The 'frugal consumer' era continued in November. Outstanding U.S. consumer debt fell by a record $17.49 billion in the month, to $2.46 trillion. This marks the 10th straight monthly credit decline, the U.S. Federal Reserve announced Friday. In a Bloomberg News survey, economists had expected November consumer credit to contract by $5.5 billion.In November, total outstanding consumer credit, including revolving and non-revolving credit, declined to $2.464 trillion, compared to $2.482 trillion in October, and $2.564 trillion in November 2008, the Fed said.

Revolving debt, which includes most credit cards, fell at a 18.5% annual rate or by $13.7 billion to $874.0 billion. Non-revolving debt, which includes auto loans and personal loans, fell at a 2.9% annual rate or by $3.8 billion to $1.590 trillion.

A Grim Marco Environment

A perfect storm of factors coalesced during the 2007-2009 recession, resulting in steadily declining consumer credit balances. Stagnant incomes in many job segments, the loss of more than 7.6 million jobs from the workforce, and reduced credit lines and higher interests rates by banks/card issues have prompted Americans to reduce credit balances over the past year.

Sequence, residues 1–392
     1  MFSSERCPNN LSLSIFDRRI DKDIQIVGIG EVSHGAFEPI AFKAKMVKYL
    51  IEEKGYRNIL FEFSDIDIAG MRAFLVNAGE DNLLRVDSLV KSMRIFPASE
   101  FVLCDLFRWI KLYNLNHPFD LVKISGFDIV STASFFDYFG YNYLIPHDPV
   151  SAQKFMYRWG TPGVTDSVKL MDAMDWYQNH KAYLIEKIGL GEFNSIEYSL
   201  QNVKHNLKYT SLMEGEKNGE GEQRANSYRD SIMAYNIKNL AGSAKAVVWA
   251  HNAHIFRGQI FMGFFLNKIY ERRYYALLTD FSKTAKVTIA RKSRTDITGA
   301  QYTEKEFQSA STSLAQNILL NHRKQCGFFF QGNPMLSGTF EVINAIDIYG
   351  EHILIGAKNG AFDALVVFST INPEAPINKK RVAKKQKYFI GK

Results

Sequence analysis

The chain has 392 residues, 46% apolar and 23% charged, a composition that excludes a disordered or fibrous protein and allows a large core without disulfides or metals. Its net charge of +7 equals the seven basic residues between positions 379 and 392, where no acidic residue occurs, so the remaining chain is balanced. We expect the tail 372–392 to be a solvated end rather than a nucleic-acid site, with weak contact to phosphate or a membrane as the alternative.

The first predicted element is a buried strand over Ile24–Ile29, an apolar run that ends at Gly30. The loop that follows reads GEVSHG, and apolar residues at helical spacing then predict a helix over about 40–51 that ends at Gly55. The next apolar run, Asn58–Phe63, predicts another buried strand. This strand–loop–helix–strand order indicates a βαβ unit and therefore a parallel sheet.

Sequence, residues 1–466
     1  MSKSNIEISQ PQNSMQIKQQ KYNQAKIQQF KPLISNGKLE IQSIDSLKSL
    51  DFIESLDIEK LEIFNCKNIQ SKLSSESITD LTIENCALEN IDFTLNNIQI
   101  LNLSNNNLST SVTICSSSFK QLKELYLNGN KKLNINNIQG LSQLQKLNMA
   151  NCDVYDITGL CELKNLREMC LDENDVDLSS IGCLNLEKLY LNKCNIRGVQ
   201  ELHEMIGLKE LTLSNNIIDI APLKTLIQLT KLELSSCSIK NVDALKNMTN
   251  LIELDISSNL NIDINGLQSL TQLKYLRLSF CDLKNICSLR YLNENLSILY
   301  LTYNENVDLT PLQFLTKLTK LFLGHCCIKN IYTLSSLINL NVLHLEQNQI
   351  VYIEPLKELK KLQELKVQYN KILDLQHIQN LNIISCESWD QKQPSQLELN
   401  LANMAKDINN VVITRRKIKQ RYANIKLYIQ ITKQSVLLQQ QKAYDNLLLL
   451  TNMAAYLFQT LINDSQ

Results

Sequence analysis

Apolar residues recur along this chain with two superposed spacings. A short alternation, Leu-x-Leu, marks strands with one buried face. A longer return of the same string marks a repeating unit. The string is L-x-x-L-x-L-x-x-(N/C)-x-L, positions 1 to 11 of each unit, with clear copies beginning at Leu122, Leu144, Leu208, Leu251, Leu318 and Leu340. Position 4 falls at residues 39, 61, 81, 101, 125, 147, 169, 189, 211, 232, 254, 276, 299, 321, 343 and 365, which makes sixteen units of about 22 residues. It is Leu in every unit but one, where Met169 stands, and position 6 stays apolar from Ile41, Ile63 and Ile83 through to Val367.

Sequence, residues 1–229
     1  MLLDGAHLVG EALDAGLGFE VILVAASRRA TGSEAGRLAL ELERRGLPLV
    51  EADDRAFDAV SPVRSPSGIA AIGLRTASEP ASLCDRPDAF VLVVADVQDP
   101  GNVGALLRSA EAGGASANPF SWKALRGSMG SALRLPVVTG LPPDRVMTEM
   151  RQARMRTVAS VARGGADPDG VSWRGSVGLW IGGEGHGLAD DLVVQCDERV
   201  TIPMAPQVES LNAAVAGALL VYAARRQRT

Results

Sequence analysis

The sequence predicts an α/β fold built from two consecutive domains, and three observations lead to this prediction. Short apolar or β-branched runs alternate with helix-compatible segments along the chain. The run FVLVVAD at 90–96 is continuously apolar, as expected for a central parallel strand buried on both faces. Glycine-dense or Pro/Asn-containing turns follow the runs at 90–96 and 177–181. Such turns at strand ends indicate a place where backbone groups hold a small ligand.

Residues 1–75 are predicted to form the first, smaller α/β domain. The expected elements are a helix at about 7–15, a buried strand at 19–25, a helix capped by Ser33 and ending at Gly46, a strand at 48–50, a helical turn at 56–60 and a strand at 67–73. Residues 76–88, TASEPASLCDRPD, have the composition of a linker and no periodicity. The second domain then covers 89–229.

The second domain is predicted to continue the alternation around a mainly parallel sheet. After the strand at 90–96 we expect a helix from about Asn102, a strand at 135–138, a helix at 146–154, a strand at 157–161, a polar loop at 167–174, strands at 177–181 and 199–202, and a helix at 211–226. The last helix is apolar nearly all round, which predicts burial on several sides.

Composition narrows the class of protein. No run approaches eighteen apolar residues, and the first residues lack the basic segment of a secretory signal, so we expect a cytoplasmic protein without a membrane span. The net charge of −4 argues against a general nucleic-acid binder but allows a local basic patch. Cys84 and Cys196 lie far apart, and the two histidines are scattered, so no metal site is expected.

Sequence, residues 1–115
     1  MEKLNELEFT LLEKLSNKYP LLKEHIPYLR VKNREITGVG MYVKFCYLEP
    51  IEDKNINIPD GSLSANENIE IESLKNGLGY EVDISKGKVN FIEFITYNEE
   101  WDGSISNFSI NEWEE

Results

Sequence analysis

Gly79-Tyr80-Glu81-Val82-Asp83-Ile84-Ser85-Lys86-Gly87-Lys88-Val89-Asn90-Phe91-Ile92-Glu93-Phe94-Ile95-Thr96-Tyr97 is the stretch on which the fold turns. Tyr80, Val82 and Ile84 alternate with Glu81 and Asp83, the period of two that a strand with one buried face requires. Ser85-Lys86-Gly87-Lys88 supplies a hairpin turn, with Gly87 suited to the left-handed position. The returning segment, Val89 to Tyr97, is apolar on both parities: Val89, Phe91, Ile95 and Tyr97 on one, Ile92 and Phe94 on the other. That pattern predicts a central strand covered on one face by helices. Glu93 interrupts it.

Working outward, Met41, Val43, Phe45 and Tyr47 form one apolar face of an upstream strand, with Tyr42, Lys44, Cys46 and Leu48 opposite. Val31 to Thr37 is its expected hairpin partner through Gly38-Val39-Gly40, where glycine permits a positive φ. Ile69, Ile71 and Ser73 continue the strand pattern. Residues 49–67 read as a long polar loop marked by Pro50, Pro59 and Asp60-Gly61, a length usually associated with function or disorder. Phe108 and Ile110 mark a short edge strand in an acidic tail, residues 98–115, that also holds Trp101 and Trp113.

Most economists view the declining balances as a positive development, long-term, as Americans over-consumed in the previous decade, resulting in high and in many cases unsustainable credit card balances. Short-term, however, 'the great credit card paydown' will lower U.S. GDP growth, as it will constrain consumer spending, which accounts for the bulk of U.S. GDP.

Economic Analysis

As the November consumer credit data indicates, Americans remain in belt-tightening mode, and paying down credit card balances is a part of that cautious stance. Basically, Americans have been paying down debt since the onset of acute stage of the financial crisis, which began in the in the fall of 2008.

The next major unresolved question concerns whether consumer spending, which historically accounts for 60-65% of U.S. GDP, will occupy as large a space in the U.S. economy. If the current 'frugal consumer' trend endures, it's highly likely that consumption as a percent of GDP will decrease. Further, some economic schools argue that lower consumption level implies a lower, structural GDP growth rate for the United States. Still, the 'frugal consumer' trend is relatively new. Let's await another quarter of consumer credit data before declaring an end to the traditional consumer-based U.S. economy and the days of robust GDP growth.

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